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14 of 15 people found the following review helpful
I bought this little book in January 2002 and have been using it ever since. In less than 150 pages of main text, John Haldon present over 600 years of wars opposing Byzantium - the Eastern part of the Roman Empire - and its numerous neighbours and invaders. The book starts with an enlightening and very valuable "geography of byzantine warfare" that shows gthe kind of contraints and limitations that successive emperors had to cope with. It is then divided into five chapters of apporximatly the same size (around 20 pages each, except the last one, which is almost double the size). Each chapter starts with couple (sometimes three) of short sections that summarize the main events and military features and evolutions of the period (for instance, for the chapter on Justinian's wars: strategic arrangements, tactics and tactical structures). Then it presents and describes extensively, and for each period, a selection of battles and their consequences. There is also a short glossary and a valuable but short bibliography listing the main primary and modern sources for each of the battles analyzed.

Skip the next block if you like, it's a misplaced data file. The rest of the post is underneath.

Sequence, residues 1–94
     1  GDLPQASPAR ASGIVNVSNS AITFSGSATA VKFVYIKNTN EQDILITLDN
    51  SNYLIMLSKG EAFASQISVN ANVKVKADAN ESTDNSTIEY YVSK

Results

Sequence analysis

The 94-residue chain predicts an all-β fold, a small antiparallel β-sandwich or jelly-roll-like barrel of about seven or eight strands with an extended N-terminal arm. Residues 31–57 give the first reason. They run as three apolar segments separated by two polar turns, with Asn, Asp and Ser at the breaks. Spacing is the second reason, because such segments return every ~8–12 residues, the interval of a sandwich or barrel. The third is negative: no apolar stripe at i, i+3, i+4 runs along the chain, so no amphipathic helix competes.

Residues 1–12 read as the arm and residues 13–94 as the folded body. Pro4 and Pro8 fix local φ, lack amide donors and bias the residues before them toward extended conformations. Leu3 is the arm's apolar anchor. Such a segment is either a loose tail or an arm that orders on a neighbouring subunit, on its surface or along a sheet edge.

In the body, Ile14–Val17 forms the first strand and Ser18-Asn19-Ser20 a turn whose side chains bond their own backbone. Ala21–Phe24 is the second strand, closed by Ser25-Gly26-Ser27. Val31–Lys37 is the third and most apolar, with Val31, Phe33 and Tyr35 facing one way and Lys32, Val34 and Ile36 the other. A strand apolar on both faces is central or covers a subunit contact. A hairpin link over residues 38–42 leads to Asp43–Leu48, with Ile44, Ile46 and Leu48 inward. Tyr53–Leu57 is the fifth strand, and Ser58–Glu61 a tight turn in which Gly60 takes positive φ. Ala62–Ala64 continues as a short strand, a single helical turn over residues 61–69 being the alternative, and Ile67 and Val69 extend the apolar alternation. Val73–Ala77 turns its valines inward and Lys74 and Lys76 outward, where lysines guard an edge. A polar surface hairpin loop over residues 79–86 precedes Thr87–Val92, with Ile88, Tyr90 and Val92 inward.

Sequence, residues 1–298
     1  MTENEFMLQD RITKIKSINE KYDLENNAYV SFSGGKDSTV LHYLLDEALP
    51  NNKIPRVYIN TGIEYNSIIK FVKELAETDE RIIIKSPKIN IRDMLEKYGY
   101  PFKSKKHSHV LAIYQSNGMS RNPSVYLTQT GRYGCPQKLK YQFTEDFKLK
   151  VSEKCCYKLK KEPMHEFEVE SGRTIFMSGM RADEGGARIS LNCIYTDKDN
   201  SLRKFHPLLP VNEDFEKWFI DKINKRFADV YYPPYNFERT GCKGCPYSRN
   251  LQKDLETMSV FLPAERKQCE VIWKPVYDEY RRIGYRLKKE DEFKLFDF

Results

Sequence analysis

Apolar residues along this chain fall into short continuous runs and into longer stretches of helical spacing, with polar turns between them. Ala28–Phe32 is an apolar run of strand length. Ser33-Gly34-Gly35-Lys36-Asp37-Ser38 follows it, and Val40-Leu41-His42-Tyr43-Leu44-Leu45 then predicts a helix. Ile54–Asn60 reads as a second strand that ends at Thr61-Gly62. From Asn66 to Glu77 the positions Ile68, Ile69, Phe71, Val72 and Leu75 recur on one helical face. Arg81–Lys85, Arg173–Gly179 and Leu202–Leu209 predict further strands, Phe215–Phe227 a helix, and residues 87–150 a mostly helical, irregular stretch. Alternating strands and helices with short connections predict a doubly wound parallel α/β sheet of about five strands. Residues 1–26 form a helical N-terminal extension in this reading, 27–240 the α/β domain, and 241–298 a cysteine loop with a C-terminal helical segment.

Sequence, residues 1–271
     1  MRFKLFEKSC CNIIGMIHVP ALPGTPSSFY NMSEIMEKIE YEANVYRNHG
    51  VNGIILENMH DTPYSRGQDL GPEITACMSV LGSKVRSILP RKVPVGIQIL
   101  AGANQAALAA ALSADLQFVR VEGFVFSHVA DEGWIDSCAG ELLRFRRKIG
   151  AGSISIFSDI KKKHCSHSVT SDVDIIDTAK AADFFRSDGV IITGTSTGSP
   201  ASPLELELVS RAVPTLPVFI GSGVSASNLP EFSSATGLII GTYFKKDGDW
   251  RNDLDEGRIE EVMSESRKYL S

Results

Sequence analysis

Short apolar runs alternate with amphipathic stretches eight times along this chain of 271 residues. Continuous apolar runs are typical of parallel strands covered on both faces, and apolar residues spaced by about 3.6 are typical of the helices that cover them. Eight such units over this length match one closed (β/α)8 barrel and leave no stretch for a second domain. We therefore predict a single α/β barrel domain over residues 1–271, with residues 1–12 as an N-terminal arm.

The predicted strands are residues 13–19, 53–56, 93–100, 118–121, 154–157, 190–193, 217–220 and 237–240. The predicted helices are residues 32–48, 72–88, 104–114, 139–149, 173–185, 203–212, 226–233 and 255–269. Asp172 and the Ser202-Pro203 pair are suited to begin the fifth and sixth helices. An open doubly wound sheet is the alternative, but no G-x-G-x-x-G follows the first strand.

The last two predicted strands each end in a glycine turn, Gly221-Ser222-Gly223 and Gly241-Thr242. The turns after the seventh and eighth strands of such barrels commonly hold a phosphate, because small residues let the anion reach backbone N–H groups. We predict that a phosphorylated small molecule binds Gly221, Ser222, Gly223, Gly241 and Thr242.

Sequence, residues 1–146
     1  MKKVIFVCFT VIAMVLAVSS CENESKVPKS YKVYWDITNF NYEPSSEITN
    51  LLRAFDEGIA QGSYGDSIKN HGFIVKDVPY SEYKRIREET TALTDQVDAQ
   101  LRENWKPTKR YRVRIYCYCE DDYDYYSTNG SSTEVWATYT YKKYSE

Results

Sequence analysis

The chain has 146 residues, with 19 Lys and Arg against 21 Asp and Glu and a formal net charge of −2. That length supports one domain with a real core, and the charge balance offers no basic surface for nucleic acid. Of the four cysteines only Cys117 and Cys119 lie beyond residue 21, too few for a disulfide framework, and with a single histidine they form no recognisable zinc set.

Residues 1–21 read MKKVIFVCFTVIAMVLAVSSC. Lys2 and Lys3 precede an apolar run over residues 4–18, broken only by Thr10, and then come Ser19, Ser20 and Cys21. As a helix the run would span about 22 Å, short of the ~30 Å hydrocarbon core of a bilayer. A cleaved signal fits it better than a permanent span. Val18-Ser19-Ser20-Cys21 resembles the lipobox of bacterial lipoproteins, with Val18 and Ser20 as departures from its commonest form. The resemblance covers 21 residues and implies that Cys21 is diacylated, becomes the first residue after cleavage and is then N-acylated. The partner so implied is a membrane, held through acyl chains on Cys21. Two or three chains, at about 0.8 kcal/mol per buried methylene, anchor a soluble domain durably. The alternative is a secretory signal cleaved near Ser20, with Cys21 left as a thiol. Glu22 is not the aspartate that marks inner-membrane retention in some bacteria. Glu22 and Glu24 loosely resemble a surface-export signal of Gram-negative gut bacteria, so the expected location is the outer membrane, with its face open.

Although I very much symphasize with another reviews comment (he wished that Haldon had included more battles and so do I!), I must admit that the book includes 19 of them. They range from Belisarius' victory at Dara over the Sassanids (but not his defeat the next year against the same at Callinicum) up to the byzantine defeat of Myriokephalon in 1176. Just like Mantzikert a century before, Myriokephalon was not the utter military disaster that it has often been portrayed to be and, for both cases, John Haldon explains why. However, he also explains in his conclusion the two reasons that underpin his selection. One is "because they are those for which most evidence survives".